[Julia Margaret Cameron, Christabel, 1866. Courtesy Metropolitan Museum of Art]
August 19, 2013 – January 5, 2014
of the greatest portraitists in the history of photography, Julia
Margaret Cameron (1815–1879) blended an unorthodox technique, a deeply
spiritual sensibility, and a Pre- Raphaelite–inflected aesthetic to
create a gallery of vivid portraits and a mirror of the Victorian soul.
This will be the first New York City museum exhibition devoted to
Cameron's work in nearly a generation, and the first ever at the Met.
The showing of thirty-five works is drawn entirely from the
Metropolitan's rich collection, including major works from the Rubel
Collection acquired in 1997 and the Gilman Collection acquired in 2005.
When she received her first camera in December 1863 as a gift from
her daughter and son-in-law, Cameron was forty-eight, a mother of six,
and a deeply religious, well-read, somewhat eccentric friend of many
notable Victorian artists, poets, and thinkers. "From the first moment I
handled my lens with a tender ardour," she wrote, "and it has become to
me as a living thing, with voice and memory and creative vigour."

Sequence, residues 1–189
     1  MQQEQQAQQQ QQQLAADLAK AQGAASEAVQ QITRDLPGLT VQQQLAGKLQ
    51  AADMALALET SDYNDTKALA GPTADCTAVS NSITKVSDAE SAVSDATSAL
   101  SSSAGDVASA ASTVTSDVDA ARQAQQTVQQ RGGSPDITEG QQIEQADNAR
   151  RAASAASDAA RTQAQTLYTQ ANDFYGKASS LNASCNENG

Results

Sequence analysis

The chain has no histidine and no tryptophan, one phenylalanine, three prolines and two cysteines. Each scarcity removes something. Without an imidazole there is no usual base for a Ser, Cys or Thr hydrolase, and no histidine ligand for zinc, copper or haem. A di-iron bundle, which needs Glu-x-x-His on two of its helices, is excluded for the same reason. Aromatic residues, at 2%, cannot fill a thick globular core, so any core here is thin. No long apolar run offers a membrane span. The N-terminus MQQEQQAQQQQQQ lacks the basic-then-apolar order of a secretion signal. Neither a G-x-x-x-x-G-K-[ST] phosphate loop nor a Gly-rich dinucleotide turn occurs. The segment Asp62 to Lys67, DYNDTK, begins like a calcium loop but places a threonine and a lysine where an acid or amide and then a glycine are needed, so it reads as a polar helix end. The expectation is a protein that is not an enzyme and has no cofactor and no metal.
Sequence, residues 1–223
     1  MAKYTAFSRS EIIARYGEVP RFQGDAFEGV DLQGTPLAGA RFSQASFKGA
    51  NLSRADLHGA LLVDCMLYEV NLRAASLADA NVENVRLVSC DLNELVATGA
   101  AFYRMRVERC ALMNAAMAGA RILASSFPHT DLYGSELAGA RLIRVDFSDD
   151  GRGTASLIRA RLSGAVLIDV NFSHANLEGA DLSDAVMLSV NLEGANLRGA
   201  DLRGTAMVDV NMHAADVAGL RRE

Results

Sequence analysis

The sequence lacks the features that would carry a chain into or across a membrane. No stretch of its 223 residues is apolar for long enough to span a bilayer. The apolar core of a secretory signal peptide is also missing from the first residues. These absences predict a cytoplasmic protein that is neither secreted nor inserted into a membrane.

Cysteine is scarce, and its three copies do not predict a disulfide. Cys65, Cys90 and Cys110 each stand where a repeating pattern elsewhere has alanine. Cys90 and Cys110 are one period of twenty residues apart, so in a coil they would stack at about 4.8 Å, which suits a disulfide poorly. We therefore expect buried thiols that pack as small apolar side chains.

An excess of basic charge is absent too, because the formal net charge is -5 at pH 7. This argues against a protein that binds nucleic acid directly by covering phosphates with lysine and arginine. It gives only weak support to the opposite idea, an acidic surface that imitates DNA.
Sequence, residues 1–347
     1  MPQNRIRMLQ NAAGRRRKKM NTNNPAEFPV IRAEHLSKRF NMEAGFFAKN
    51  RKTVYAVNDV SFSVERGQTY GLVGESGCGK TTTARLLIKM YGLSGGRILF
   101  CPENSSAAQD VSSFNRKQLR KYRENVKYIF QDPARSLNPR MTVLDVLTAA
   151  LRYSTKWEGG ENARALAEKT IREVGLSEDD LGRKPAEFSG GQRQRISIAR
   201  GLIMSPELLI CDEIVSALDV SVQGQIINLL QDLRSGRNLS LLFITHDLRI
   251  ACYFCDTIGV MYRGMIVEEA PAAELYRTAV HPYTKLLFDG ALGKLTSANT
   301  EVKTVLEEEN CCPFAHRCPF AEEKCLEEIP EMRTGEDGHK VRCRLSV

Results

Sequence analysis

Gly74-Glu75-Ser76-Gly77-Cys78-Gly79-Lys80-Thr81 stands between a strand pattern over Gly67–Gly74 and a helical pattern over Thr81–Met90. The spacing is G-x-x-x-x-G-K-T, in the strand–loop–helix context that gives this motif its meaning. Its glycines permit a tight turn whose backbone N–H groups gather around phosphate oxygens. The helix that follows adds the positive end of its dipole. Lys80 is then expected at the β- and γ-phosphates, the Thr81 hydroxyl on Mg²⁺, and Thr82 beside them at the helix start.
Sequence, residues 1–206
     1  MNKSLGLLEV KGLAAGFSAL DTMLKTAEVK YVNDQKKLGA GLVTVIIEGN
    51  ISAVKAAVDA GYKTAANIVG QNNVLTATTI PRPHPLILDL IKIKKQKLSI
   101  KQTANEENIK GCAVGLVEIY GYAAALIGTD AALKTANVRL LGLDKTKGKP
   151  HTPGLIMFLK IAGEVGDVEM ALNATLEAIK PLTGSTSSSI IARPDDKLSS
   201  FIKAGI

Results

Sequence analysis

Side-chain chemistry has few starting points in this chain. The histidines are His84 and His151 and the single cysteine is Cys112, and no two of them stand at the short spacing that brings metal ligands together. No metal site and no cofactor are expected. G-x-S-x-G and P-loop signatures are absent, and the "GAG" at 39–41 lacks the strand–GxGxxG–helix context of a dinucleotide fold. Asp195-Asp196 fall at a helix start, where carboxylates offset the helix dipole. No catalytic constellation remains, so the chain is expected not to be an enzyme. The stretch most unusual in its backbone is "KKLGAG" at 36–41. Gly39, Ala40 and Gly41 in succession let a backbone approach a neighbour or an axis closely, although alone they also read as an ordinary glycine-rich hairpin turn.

Condemned by some contemporaries for sloppy craftsmanship, she purposely
avoided the perfect resolution and minute detail that glass negatives
permitted, opting instead for carefully directed light, soft focus, and
long exposures that allowed the sitters' slight movement to register in
her pictures, instilling them with an uncommon sense of breath and life.
The exhibition will feature masterpieces from each of Cameron's three
major bodies of work: portraits of men "great thro' genius," including
painter G. F. Watts, poet Alfred, Lord Tennyson, scientist Sir John
Herschel, and philosopher and historian Thomas Carlyle; women "great
thro' love," including relatives, neighbors, and household staff, often
titled as literary, historical, or biblical subjects; and staged
groupings such as her illustrations for Tennyson's Idylls of the King or her Annunciation in the style of Perugino.